I usually spend the Christmas season listening to Sarah McClachlan’s Wintersong, over and over again. This year, I couldn’t put my hands on it. I finally went down to Barnes and Noble this weekend to look for a replacement copy. The clerk shared that there was one copy in the store, but it was on hold. I promised him that I’d be the vulture in the racks in the hope that it would go unpurchased.

Sarah is my favorite muse of the soul. I went to see her live in concert at the Nokia Center a couple of years ago. Part of her way of connecting with the audience is to read notes out of a hat. They were pretty standard party fare, the most scurrilous being whether she goes “commando” on stage. Sarah was really patient.

She had just authorized the use of “In the Arms of the Angel” for the animal rescue centers. During her request that we make a donation to that community, Sarah told us that, much as she would like to respond to our questions, the entire band was wearing ear-plug monitors, and couldn’t hear anything that we were saying.

After the pitch for the animal rescue shelters, I focused my thoughts and said “Thank-you”. She almost jumped out of her skin. It was obvious to me that we share a connection somehow.

Sarah was going through a troubled time. Her husband had filed for divorce, and her children were travelling with the band. The next day I went out to her web site and posted a note to her, saying all the things that I wished I had been present enough to put into the hat for her.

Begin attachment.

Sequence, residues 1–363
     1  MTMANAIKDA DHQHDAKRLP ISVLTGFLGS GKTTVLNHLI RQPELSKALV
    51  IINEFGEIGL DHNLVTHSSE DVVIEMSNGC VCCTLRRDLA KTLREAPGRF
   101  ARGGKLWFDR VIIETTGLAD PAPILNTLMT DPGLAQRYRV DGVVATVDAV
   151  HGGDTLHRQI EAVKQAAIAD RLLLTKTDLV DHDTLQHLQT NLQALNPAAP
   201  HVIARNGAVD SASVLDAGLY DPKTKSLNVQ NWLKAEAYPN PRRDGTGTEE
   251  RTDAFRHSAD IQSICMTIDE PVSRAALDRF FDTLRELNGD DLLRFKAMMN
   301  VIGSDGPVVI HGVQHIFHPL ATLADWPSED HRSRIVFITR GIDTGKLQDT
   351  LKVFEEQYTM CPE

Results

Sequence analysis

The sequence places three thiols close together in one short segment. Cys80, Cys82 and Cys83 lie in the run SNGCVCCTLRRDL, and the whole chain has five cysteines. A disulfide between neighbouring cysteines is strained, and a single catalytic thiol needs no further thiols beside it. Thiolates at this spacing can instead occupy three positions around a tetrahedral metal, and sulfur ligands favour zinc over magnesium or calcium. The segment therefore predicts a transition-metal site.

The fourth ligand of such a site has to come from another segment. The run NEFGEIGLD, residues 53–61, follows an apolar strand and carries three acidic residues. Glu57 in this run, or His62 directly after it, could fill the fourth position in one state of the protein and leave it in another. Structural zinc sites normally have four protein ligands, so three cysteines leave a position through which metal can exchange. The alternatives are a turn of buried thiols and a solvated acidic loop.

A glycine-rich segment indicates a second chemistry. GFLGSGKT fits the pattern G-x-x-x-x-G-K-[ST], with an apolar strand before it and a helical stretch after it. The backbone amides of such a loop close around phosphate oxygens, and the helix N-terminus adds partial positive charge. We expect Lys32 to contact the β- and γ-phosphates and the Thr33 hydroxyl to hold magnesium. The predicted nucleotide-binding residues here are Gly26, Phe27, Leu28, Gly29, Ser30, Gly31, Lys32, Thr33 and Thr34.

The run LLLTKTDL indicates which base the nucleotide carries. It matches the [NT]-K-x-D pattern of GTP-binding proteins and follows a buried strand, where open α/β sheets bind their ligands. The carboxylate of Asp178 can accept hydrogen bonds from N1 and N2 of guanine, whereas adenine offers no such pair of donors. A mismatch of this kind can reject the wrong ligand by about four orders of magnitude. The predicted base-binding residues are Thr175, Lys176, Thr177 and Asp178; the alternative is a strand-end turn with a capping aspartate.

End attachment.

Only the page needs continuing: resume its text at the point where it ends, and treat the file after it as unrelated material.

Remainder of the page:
I picked up Mirrorball maybe eight years ago, and it’s been a really powerful tool for me, rivalled in that sense only by Snatam Kaur’s Essentials. Kaur’s work is beautifully devotional, but Sarah gets really in deep with people’s pain. I don’t know how she processes it. It’s like a key for me when I’m in contact with people carrying deep psychic wounds. Even more, Sarah does it without bitterness. Almost all of Mirrorball sees life as a struggle that reveals the hope for grace in all of the participants.

So I offered her my perception that, if she would only recognize the healing forces that swirled around her, she might have some really beautiful experiences.

Last night, I had a strong urge to go back out to Barnes and Noble, and discovered that the CD was back on the racks. Happy, Happy!

I don’t know what possessed Sarah to create Wintersong in 2006. Most pop Christmas albums focus on the joy of the holiday season, but Wintersong is powerfully devotional, and not at all derivative. She sets “Noel” to the beat of African drums, and weaves it with “Mary, Mary” as a spiritual set to lute. “Wintersong” and “Song for a Winter’s Night” are originals that capture so beautifully the bittersweet feeling of being without the one we love on Christmas.